Pr240 E. Digital, Social & Mobile Worldwide in 2015 - We Are Social UK. 2014 was a landmark year for growth across all things digital, and We Are Social's new Digital, Social and Mobile in 2015 report indicates that this year will see even more impressive numbers.
Including stats for more than 240 countries around the world, and profiling 30 of the world's biggest economies in detail, this report is the most comprehensive, free compendium of up-to-date digital statistics and data you'll find. So what do its 376 pages reveal? The Headlines As we've seen in our on-going series of Digital Statshot reports, mobile increasingly dominates the digital world, and we're confident that 'ubiquitous connectivity' will gather even more pace during 2015, as cheaper handsets and more affordable data connections reach further around the world.
Based on the trends within this data, we expect that mobile will help to push internet penetration beyond 50% of the world's population during mid to late 2016. Singapore and the UK follow, with 9.1 Mbps and 8.1 Mbps respectively. Digital, Social & Mobile Worldwide in 2015 - We Are Social UK. Global sustainability report oct 2015. Nielsen Global Health and Wellness Report January 2015. Don't Buy This Jacket: Lessons in Successful Values Marketing. Ask any member of the Outdoor Industry Association’s Sustainability Working Group or Sustainable Apparel Coalition and they will tell you consumers are not the ones driving sustainability.
Companies such as prAna, Patagonia and GoLite were weaving environmental good into the fibers of their operations long before ‘green’ became a buzzword. For them, using — or abusing — sustainability purely as a marketing strategy deflates the concept’s complexity, dilutes company values, and ultimately disserves their customer. For Beth Jensen, head of the SWG, sustainability is not a marketing device but rather “the license to do business.” Director of Sustainability at prAna, Nicole Bassett, concurs: “Marketing becomes a laundry list — it’s organic, it’s fair trade, it’s made of recycled materials. ... And we’ve completely destroyed the true essence of what we’re trying to get across in sustainability.”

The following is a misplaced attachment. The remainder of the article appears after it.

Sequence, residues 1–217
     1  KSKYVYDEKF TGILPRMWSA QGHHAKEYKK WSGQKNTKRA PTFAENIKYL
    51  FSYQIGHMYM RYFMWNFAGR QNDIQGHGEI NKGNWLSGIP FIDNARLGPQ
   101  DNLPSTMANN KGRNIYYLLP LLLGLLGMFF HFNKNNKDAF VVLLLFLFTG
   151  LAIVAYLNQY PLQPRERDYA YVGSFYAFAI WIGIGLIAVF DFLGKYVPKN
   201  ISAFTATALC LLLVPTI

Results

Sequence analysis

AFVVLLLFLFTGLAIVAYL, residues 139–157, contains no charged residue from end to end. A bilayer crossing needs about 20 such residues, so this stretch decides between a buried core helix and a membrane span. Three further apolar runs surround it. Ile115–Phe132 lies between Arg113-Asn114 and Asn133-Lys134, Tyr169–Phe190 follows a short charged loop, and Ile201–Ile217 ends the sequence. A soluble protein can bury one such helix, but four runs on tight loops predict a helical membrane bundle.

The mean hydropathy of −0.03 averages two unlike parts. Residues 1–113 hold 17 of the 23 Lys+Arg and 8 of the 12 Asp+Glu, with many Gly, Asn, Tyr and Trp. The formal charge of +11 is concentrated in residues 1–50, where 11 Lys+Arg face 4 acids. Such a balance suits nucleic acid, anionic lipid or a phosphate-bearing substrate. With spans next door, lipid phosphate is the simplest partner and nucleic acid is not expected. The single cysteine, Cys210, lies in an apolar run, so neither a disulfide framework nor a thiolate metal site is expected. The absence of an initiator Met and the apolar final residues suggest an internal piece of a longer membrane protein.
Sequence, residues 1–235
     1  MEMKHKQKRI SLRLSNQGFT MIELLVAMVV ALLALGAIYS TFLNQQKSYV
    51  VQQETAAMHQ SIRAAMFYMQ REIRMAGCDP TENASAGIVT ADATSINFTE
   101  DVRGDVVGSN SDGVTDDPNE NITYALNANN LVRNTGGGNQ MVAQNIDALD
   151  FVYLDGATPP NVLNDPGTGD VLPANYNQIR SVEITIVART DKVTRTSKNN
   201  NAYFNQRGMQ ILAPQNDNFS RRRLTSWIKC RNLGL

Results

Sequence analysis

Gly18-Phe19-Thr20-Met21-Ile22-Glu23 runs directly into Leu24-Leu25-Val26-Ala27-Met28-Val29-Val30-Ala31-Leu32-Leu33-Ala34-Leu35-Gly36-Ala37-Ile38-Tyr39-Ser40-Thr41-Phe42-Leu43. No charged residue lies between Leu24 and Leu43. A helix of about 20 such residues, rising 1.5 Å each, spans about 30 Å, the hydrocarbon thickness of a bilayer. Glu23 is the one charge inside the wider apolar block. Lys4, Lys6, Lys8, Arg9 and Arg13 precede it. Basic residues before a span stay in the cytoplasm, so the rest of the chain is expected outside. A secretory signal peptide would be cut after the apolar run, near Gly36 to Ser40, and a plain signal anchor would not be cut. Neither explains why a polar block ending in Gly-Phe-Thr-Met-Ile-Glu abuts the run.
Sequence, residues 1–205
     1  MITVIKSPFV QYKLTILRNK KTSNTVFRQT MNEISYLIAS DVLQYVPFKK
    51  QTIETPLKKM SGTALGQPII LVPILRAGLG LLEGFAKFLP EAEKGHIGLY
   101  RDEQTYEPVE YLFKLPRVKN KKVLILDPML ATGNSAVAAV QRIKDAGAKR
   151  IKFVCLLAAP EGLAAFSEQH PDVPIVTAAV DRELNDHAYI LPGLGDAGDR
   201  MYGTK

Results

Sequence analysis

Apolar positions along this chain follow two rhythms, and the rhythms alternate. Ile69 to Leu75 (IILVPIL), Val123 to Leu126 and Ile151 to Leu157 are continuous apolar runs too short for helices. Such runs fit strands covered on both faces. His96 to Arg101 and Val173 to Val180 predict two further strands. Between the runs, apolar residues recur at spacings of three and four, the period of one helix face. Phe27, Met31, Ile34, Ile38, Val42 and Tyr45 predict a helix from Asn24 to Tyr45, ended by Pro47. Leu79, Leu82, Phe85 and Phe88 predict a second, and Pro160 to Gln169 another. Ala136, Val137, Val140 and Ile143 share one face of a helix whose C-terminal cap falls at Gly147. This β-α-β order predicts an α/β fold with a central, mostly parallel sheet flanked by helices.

This doesn’t trouble the best companies. Barriers and Benefits: Changing Behavior Through Social Marketing. Indonesian school children learn the importance of handwashing through Lifebuoy's campaign, which reached over 800,000 children in 2011 | Image credit: Unilever Promoting behavior change is something that Lifebuoy knows well.
Launched in 1894 by William Level in the UK as the Royal Disinfectant Soap to stop cholera in Victorian England, it went on to be known as the “red soap” throughout the twentieth century. Back in the early days, Lifebuoy launched programs in schools showing children the importance of handwashing at key occasions. Today, Lifebuoy’s handwashing behavior change program is making milestones in many markets where the brand is sold. Its campaign influences behavior change by making the benefits of regular handwashing relevant to the interests of target audiences, the desired behavior easy to adopt, and the handwashing habit rewarding to maintain. Social marketing’s unique principles All 4Ps must reinforce the brand promise. Reach for the low-hanging fruit first. PR092214 Note only 150 Ads 2mk. Gx deloitte millennial survey 2017 executive summary.
UK population at record high, with net migration the biggest driver. The UK population is at a record high, official figures show, with net migration having overtaken natural population change to become the largest contributor to growth.
The Office for National Statistics said 582,600 migrants arrived in the UK between mid-2013 and mid-2014, compared with 322,900 people who left the country. An ONS spokesman said the statistics meant the UK population had grown by 491,100 since2013, a 0.77% rise to 64,596,800. This is marginally higher than the annual increase of 0.75% seen over the last decade. The last year in which net migration was larger than natural population growth – the balance of births and deaths – was 2011. The number of births in the year to mid-2014 was down compared with the previous year, continuing the downward trend seen since 2012, an indication that last decade’s baby boom could be slowing.